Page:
According to Wikipedia, there are four types of cricket song: a calling song to attract females, a courting song when the female is near, an aggressive song to ward off other male crickets, and a post-coital song to celebrate that the deed has been done. Why am I telling you this? If you’re a resident of a town named Tuscarora in Nevada, you may already know the answer.
The folks in Tuscarora are plagued by an annual invasion of crickets, whose chirping habits have spiraled out of control. Life in the small Nevada town gets noisy between May and August, when millions of crickets descend and start breeding. Things have got so bad that resident Laura Moore told the Wall Street Journal: "You'll wake up and there'll be one sitting on your forehead, looking at you."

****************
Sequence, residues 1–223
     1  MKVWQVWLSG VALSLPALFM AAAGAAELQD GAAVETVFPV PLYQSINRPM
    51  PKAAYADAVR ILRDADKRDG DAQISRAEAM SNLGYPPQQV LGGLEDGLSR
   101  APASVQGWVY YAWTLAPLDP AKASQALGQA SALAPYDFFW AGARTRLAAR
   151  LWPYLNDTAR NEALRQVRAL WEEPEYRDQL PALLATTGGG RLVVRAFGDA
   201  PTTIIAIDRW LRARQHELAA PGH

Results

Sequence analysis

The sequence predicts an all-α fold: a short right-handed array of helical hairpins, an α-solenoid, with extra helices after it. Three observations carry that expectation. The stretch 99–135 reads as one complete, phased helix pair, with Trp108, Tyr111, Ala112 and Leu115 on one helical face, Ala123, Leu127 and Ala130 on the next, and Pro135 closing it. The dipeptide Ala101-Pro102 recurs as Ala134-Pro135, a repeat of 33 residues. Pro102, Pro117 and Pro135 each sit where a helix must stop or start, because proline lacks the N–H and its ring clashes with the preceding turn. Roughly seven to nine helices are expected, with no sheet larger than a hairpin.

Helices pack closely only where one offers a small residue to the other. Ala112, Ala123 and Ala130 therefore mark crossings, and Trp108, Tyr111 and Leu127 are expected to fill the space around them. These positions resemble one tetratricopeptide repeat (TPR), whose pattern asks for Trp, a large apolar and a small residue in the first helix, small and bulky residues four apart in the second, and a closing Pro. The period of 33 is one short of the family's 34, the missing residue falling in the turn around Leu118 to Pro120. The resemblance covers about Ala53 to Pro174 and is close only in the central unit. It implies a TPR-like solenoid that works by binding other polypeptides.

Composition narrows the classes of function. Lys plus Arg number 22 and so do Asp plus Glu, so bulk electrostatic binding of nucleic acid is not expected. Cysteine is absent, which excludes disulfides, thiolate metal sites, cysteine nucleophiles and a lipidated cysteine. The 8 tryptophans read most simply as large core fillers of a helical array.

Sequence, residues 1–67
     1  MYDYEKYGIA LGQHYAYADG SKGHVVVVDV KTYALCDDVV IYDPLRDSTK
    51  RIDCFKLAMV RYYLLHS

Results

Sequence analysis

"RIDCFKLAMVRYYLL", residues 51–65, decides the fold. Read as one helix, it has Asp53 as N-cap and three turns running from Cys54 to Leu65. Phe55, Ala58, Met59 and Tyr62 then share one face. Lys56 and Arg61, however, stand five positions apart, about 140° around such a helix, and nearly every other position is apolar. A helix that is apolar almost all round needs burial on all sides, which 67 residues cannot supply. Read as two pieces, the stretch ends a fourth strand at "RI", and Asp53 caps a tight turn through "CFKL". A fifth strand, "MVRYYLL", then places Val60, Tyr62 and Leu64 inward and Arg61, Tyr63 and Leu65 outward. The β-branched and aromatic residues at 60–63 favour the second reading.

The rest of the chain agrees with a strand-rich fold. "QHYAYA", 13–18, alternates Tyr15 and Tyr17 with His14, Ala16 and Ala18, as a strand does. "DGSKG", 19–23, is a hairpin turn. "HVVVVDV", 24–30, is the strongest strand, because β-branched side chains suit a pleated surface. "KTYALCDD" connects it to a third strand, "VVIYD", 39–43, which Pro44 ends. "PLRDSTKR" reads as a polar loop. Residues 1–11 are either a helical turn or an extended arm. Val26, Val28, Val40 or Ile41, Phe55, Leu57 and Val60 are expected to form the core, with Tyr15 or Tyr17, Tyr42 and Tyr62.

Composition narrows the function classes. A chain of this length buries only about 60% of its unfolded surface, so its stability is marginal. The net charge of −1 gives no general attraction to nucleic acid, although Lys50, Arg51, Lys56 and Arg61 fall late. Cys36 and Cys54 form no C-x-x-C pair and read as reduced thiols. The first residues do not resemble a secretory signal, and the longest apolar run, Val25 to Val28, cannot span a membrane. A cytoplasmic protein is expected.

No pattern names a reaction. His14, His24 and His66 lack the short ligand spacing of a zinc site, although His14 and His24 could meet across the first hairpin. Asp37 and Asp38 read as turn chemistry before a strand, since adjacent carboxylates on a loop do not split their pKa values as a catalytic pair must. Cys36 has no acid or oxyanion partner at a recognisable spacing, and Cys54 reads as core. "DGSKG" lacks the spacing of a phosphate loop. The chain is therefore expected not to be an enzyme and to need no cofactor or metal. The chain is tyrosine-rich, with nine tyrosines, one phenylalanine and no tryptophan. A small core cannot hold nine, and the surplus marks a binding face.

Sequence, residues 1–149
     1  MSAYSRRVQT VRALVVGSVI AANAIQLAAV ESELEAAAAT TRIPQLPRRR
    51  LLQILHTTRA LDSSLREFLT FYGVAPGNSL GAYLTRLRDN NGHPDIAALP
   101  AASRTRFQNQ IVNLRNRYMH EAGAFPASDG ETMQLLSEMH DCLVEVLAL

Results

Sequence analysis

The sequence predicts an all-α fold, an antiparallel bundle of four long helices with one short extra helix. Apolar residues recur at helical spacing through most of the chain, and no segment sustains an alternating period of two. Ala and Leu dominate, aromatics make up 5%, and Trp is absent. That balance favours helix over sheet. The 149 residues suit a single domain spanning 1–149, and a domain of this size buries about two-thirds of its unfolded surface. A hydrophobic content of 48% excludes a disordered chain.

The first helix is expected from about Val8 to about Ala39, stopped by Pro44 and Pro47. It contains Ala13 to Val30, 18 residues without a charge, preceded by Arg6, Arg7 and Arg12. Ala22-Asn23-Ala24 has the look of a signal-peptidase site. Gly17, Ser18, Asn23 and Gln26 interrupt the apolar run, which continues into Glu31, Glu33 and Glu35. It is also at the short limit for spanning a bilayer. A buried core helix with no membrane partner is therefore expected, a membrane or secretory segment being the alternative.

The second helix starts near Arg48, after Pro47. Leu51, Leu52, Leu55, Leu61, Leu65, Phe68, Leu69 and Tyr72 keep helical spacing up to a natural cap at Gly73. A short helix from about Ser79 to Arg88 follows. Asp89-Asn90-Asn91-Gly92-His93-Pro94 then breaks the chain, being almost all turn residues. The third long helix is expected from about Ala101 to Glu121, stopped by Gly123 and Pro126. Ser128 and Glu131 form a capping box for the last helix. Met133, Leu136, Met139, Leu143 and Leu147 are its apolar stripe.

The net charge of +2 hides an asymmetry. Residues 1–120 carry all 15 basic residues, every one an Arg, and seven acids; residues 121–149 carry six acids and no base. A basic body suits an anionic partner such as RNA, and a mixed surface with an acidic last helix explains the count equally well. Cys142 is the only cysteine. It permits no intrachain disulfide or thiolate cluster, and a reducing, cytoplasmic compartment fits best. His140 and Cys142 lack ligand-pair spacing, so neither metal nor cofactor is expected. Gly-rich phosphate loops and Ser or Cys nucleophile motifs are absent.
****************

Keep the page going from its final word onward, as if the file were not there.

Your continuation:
To combat these singing swine, Moore and the other residents of Tuscarora have taken to blasting rock music, specifically Led Zeppelin and the Rolling Stones, at the invading hordes. "Crickets kind of sleep at night,” says Moore. “So I would wake up first thing in the morning to get the music on and we would shut the music off at night.”
Incredibly, it works, with the crickets forced out of range of the music as the combined vocals of Mick Jagger and Robert Plant act like some kind of audible insect repellent. Could this be a way for the music biz to finally make some money again? The bug spray industry may suddenly find itself reeling as it's replaced by bottled Stones and Zeppelin music, guaranteed to leave insects feeling “Dazed and Confused.”